MHRA says benefits of AZ vaccine far outweigh the risks

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MHRA says benefits of AZ vaccine far outweigh the risks

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Following suspensions by some countries of the AstraZeneca Covid-19 vaccine over suspected blood clots, the UK medicines regulator MHRA has reiterated that the benefits of the vaccine in preventing the disease far outweigh the risks.

People should still go and get their vaccination when asked to do so, the government says, although currently the Joint committee on Vaccination and Immunisation (JCVI) is advising that it is preferable for people under 30 to have a vaccine other than AZ. It warns, though, that they may have to wait if they opt for an alternative vaccine and will be unprotected during that time.

For people who have already had a first dose of AZ vaccine without suffering any serious side effects, the advice is that they should complete the course. This includes people aged 18 to 29 years who are health and social care workers, unpaid carers and family members of those who are immunosuppressed.

Following a rigorous scientific review of the data, the MHRA says that the available evidence does not suggest that venous thromboembolism is caused by the AZ vaccine. This follows a detailed review of reported cases as well as data from hospital admissions and GP records.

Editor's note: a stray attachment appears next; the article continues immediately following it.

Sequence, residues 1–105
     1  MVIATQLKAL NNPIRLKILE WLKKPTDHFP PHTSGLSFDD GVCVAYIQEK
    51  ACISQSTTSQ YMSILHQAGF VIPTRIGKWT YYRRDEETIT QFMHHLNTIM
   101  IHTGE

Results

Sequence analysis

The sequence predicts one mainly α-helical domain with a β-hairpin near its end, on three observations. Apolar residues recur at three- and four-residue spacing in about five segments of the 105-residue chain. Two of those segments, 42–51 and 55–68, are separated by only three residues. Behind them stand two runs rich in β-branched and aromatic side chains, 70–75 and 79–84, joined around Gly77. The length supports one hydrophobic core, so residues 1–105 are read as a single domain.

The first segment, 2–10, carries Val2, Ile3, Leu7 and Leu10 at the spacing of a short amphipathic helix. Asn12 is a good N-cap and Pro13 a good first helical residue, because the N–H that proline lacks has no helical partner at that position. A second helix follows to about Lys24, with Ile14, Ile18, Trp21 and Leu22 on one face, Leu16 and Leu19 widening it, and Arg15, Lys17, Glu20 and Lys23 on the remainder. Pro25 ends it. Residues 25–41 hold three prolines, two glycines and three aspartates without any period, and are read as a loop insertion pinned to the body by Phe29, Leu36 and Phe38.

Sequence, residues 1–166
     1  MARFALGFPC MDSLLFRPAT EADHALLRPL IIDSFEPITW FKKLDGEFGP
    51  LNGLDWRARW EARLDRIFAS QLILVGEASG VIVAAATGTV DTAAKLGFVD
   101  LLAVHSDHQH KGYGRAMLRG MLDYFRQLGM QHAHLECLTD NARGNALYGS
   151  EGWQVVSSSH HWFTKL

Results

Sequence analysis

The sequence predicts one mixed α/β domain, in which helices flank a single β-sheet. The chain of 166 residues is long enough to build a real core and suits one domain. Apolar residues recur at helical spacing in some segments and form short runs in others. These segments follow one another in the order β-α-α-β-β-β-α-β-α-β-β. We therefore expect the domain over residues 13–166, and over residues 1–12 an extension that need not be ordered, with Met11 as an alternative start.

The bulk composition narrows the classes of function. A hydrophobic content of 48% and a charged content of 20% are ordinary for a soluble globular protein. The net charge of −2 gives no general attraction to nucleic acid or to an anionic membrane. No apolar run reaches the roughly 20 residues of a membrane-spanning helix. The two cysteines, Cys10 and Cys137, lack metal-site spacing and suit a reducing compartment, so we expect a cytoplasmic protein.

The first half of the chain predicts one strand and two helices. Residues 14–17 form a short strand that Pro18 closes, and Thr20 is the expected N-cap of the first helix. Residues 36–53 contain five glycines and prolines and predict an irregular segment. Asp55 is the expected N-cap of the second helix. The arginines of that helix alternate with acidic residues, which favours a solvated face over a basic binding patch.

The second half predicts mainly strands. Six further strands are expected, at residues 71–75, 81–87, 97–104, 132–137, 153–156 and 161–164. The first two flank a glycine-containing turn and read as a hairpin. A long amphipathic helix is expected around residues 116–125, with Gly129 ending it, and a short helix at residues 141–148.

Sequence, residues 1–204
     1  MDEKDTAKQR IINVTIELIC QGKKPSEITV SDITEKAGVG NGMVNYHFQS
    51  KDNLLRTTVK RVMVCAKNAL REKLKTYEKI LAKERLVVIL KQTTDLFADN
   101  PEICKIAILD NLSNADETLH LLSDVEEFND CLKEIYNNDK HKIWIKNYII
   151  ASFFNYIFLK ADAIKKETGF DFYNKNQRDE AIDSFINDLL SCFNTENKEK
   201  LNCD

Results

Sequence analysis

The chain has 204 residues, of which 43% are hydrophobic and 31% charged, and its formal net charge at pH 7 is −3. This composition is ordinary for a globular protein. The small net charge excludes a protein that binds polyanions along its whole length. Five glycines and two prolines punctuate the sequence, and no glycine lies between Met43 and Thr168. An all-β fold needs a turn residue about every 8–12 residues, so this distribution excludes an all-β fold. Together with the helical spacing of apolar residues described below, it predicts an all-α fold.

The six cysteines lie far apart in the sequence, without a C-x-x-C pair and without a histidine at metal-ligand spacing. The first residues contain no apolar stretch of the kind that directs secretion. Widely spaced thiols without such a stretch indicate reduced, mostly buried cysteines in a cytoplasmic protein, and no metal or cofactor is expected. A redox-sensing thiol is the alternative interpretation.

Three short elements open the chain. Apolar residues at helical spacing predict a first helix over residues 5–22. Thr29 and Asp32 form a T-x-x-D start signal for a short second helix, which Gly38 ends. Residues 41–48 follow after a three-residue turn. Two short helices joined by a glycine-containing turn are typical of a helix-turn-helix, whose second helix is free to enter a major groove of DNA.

Review into blood clot reports underway

However, a further review is underway into a small number of reports from the UK and internationally of a very rare and specific type of blood clot in the cerebral veins – cerebral venous sinus thromboses (CVST) – occurring together with lowered platelets (thrombocytopenia) following the first dose of the AZ vaccine.

CVST occurs when blood clots develop in the cerebral veins occurring together with low platelet counts. These cases are particularly unusual because despite low platelets, there is progressive thrombosis. While the cases reported to date have primarily been venous clots, arterial clots have also been reported.

All cases reported in the UK to date have occurred after the first dose of AZ vaccine. The current data suggests that the overall incidence is around 4 per million first doses of the AZ vaccine administered. The condition is known to occur naturally and is extremely rare. The background rate of CVSTs is estimated to be around 5 to 16 per million annually.

Although cases have been reported in all ages and genders, there appears to be a trend for increasing incidence with decreasing age amongst adults, with the highest incidence reported in the younger adult age groups.

Up to the end of March, the MHRA received 79 reports of thrombosis events with low platelets of which 44 were CVST, out of a total of 20.2 million doses of AZ vaccine given by that date.

Two cases of blood clots (thromboembolism) with thrombocytopenia were reported for the Pfizer/BioNTech vaccine up to and including 31 March, but a review by the MHRA concluded that these were very unlikely to be related to the vaccine. There is currently no evidence to suggest these rare events occur with the Pfizer/BioNTech vaccine.

Further investigations are underway to understand the biological mechanisms and whether the association with the AZ vaccine is related to the vaccine platform or some other immunological mechanism.

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